How do you encourage innovation in your lab?

Great scientists are also great innovators. New ideas, techniques, and devices form the bedrock of scientific discovery. Here, four researchers share how they inspire innovation in the lab.

Carolyn R. Bertozzi

HHMI INVESTIGATOR
University of California, Berkeley

I put forth "grand challenges" during group meetings and one-off hallway encounters. Usually these incite eye rolling, but once in a while a coworker takes a serious interest in a "moon-shot" project. I also aim to give my students and postdocs a great degree of independence in crafting their research projects. For postdocs headed for academic careers, I encourage exploration of new territory that could form the basis of their future research program. Finally, I send trainees to conferences and encourage them to attend sessions outside their immediate research area.

Eric Betzig

JFRC GROUP LEADER
Janelia Farm Research Campus

I try to encourage my group to:
a) Not follow the academic herd.
b) Keep an eye out for the unexpected.
c) Focus on what's not working—understanding the problem is half the battle.
d) Work harder than the other guy.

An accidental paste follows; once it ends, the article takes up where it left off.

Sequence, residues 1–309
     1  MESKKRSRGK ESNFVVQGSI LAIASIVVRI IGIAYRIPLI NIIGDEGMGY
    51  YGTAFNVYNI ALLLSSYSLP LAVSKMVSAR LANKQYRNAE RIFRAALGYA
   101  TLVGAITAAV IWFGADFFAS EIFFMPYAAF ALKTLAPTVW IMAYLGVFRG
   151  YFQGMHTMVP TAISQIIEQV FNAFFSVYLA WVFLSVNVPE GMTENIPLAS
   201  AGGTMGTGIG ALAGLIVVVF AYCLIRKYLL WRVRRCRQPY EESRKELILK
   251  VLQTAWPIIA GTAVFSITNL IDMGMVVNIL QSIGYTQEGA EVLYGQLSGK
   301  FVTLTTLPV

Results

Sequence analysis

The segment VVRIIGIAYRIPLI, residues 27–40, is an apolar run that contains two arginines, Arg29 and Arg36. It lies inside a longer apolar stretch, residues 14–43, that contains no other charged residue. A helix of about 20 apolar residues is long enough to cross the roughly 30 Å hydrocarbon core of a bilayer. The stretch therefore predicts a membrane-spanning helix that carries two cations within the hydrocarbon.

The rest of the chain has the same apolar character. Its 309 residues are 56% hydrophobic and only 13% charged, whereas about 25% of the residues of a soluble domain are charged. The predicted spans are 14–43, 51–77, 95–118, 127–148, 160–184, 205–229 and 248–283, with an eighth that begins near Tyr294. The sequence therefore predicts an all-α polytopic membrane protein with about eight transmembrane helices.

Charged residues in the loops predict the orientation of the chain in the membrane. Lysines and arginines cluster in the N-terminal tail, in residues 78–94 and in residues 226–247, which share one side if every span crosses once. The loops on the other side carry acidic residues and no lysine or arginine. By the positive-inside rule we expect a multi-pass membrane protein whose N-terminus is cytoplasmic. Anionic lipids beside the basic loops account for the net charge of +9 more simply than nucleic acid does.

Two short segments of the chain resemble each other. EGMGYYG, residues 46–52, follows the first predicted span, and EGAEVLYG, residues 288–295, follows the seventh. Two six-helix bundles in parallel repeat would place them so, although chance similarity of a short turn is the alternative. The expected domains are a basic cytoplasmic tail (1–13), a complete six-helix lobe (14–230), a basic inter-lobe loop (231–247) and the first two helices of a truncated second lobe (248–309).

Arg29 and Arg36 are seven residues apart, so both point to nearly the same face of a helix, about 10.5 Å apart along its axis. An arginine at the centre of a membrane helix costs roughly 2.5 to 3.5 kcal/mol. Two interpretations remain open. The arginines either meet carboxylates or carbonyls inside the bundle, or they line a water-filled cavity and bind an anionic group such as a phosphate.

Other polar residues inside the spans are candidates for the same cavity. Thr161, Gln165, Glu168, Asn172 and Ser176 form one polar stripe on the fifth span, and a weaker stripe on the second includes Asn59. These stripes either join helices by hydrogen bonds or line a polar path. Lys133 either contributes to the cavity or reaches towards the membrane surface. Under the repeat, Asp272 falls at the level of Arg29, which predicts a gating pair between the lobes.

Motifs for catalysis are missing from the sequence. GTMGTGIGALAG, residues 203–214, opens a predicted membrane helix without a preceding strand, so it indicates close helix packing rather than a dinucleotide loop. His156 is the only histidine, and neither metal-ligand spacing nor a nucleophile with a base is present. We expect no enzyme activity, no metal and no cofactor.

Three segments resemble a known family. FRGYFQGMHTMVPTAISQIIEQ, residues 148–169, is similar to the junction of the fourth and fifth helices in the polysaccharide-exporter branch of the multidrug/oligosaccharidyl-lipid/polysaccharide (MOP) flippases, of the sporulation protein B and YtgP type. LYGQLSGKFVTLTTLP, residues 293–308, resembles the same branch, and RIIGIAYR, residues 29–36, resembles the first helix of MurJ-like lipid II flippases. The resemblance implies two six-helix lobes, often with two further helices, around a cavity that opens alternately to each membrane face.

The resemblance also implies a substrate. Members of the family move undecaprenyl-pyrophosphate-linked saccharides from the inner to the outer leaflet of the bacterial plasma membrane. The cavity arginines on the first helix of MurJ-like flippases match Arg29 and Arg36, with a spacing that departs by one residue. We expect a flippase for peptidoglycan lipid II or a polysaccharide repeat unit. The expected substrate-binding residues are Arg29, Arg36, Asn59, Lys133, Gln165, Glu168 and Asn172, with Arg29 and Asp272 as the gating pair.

e) Not get trapped by their success.

Craig S. Pikaard

HHMI-GBMF INVESTIGATOR
Indiana University Bloomington

There is no simple formula. Innovation requires having a sense of what questions to pursue, possessing a broad enough perspective to piece together clues and synthesize hypotheses, maintaining a healthy skepticism of existing models, grasping the limitations of current technologies, knowing how and when to seek out collaborators, and being willing to go for it when a promising idea comes to mind. Imagination, creativity, and exploration are what make science fun, and in my lab, we revel in these aspects of our work. I look for creative junior colleagues like those described in an ad for IBM fellows decades ago: dreamers, heretics, gadflies, mavericks, and geniuses.

Martin D. Burke

HHMI EARLY CAREER SCIENTIST
University of Illinois at Urbana–Champaign

I try to recruit highly innovative students ... and then stay out of their way!

Photos: Bertozzi: Courtesy of Carolyn Bertozzi; Betzig: Paul Fetters; Pikaard: A.J. Mast / AP, ©HHMI; Burke: L. Brian Stauffer

Scientist Profile

Investigator
University of California, Berkeley
Chemical Biology
Janelia Group Leader
Janelia Research Campus
Neuroscience
Investigator
Indiana University Bloomington
Biochemistry, Molecular Biology
Early Career Scientist
University of Illinois at Urbana-Champaign
Chemical Biology, Pharmacology
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